Data were obtained from the Korean National Cancer Screening Survey (KNCSS), which is an annual cross-sectional survey designed to investigate screening rates among Koreans for five common cancers (gastric, liver, colorectal, breast, and cervix) through nationally representative random sampling [19]. The 2014 KNCSS included men of ages from 40 to 74 years and women of ages from 30 to 74 years, who were selected based on Resident of Registration Population data collected by Statistics Korea, using multistage random sampling according to sex, age, geographic area, and size of population per area. The 2014 KNCSS included 4,000 participants, among a total of 28,571 random samples (total response rate: 14.0%). The response rate after making contact was 40%, excluding those who were absent (17,173) or who did not meet the criteria for the survey (1,629). Of the 4,000 participants, 2,122 men and women of ages ranging from 50 to 74 years old were asked about their experiences with CRC screening, since the NCSP provides CRC screening for individuals aged 50 years and older. Participants were asked whether they had undergone an FOBT, colonoscopy, or double-contrast barium enema for CRC screening (picture cards were shown to describe the test methods). Then, those who had at least one CRC screening were asked about the most recent time they underwent the test and their plans to undergo future testing. In this study, 56 participants who underwent a double-contrast barium enema test only were excluded due to the small number thereof. Thus, a total of 2,066 participants aged 50 to 74 years old were finally included in the analysis.
Written informed consent was obtained from all study participants before being interviewed face-to-face in the KNCSS. This study was approved by the Institutional Review Board (IRB) of the National Cancer Center, Korea (No. NCCNCS-08-129).

2. Measurement

The stages of adoption for CRC screening were evaluated using a modified, five-stage process developed to assess a subject’s reported history of screening and their current intentions to undergo screening, as recommended by Rakowski et al. in 1996 [20]. Individuals who had undergone either an FOBT or colonoscopy were interviewed about their most recent test and their plans to undergo another test in the future. According to these questions, the participants were classified as follows for each screening modality (Table 1): individuals who had never undergone CRC screening and did not plan to undergo screening were classified into the pre-contemplation stage. Those who had either never undergone CRC screening or had not within recommended time intervals for screening, but were planning to do so within the next interval, were classified into the contemplation stage. The recommended time intervals are 1 year for FOBT and 10 years for colonoscopy [21]. The action/maintenance stages comprised subjects who complied with CRC screening recommendations: those who had undergone FOBT screening within the last 12 months and were planning to undergo another test within the next 12 months or those who had undergone colonoscopy screening within the last 10 years and were planning to undergo another test within the next 10 years. The relapse risk stage included subjects who had undergone CRC screening (either FOBT or colonoscopy) within the recommended time intervals, but were not planning to undergo another test within the time intervals. Individuals who had undergone FOBT more than 12 months before or colonoscopy more than 10 years before, but had no plans to undergo CRC screening, were classified into the relapse stage.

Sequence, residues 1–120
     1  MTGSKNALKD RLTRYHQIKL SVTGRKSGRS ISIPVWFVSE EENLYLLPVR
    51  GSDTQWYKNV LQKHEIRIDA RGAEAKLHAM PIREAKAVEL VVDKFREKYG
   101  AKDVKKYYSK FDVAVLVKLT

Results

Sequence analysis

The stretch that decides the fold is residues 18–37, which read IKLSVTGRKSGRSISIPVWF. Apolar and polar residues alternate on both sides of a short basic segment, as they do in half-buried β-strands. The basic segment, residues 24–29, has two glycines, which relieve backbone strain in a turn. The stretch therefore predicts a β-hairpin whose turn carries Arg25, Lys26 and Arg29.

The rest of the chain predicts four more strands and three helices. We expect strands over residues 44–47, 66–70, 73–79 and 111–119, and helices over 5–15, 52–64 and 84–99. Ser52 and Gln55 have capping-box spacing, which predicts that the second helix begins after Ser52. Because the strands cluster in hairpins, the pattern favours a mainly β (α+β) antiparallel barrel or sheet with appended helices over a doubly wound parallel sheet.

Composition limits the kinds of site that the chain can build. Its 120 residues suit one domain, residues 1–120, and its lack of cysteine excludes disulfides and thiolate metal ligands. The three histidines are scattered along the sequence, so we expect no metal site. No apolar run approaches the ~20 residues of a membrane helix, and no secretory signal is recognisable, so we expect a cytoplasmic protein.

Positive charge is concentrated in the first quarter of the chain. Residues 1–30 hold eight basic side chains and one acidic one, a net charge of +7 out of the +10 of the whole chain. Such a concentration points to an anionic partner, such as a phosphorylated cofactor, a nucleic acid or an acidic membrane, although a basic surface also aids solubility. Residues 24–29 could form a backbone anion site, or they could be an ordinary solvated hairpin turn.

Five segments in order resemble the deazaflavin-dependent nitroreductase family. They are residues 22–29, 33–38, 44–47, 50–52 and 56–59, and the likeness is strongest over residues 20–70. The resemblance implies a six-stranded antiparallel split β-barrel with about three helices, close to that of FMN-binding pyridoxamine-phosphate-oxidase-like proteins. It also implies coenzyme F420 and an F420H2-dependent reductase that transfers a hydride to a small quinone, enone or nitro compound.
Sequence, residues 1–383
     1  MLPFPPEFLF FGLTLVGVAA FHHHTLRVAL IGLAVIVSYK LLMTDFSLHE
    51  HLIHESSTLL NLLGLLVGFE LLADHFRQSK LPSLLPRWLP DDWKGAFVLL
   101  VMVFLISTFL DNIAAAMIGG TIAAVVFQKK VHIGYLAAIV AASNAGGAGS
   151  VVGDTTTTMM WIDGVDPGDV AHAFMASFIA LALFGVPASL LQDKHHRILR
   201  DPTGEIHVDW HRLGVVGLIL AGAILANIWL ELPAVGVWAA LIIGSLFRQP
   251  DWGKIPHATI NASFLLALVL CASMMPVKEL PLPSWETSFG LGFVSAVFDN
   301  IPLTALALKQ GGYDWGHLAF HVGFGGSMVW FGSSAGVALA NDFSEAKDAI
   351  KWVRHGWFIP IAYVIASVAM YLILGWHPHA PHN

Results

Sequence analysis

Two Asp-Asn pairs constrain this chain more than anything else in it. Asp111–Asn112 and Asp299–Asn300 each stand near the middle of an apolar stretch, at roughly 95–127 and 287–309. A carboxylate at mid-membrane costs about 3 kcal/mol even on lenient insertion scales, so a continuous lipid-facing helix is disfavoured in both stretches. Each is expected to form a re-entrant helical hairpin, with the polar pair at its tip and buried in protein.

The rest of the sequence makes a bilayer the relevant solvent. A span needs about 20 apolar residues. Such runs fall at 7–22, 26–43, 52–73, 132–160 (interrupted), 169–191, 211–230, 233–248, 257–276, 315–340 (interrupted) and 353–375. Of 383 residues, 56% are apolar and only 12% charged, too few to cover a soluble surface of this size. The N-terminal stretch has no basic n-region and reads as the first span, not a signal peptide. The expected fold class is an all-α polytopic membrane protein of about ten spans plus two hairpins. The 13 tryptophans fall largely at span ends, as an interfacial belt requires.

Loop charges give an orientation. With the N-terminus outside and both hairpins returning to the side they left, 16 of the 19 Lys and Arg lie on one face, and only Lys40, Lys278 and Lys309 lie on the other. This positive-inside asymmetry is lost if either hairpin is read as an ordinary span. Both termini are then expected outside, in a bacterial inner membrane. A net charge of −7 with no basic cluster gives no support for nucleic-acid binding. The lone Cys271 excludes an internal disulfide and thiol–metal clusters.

We also examined other socioeconomic variables (age, marital status, level of education, monthly household income, and residence area), family history of cancer, individual preferences for FOBT and colonoscopy as a CRC screening modality, health status, worry about getting cancer, and health related behaviors variables (smoking status, alcohol use, regular exercise, and regular visits to a doctor). Furthermore, enrollment in private cancer insurance was also measured to assess accessibility to CRC screening: although the National Health Insurance Service (NHIS) provides universal coverage to all Koreans, many Koreans pay for supplementary private health insurance in the event of illness (e.g., cancer or stroke) due to insufficient coverage by the NHIS.

3. Statistical analysis

Descriptive statistics were used to analyze the participants’ characteristics and the distribution of stages of adoption. Frequencies with percentages were calculated for categorical variables. Chi-square test was used to compare the distribution of stages of adoption according to sociodemographic characteristics.